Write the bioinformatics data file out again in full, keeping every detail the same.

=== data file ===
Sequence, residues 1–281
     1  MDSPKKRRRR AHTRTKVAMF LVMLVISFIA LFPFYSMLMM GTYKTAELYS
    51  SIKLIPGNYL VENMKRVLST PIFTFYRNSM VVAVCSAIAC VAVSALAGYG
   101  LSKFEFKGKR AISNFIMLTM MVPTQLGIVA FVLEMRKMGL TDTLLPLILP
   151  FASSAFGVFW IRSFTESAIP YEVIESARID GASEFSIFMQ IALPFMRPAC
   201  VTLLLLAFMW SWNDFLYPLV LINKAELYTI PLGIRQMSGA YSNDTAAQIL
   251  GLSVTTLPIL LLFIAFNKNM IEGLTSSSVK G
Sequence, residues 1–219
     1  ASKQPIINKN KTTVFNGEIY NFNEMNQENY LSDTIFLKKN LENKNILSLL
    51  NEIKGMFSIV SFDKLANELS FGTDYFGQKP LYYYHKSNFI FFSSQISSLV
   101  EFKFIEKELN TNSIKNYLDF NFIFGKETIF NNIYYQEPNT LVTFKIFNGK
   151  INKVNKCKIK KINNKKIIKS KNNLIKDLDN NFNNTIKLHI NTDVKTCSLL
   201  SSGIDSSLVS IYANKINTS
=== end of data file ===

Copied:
Sequence, residues 1–281
     1  MDSPKKRRRR AHTRTKVAMF LVMLVISFIA LFPFYSMLMM GTYKTAELYS
    51  SIKLIPGNYL VENMKRVLST PIFTFYRNSM VVAVCSAIAC VAVSALAGYG
   101  LSKFEFKGKR AISNFIMLTM MVPTQLGIVA FVLEMRKMGL TDTLLPLILP
   151  FASSAFGVFW IRSFTESAIP YEVIESARID GASEFSIFMQ IALPFMRPAC
   201  VTLLLLAFMW SWNDFLYPLV LINKAELYTI PLGIRQMSGA YSNDTAAQIL
   251  GLSVTTLPIL LLFIAFNKNM IEGLTSSSVK G
Sequence, residues 1–219
     1  ASKQPIINKN KTTVFNGEIY NFNEMNQENY LSDTIFLKKN LENKNILSLL
    51  NEIKGMFSIV SFDKLANELS FGTDYFGQKP LYYYHKSNFI FFSSQISSLV
   101  EFKFIEKELN TNSIKNYLDF NFIFGKETIF NNIYYQEPNT LVTFKIFNGK
   151  INKVNKCKIK KINNKKIIKS KNNLIKDLDN NFNNTIKLHI NTDVKTCSLL
   201  SSGIDSSLVS IYANKINTS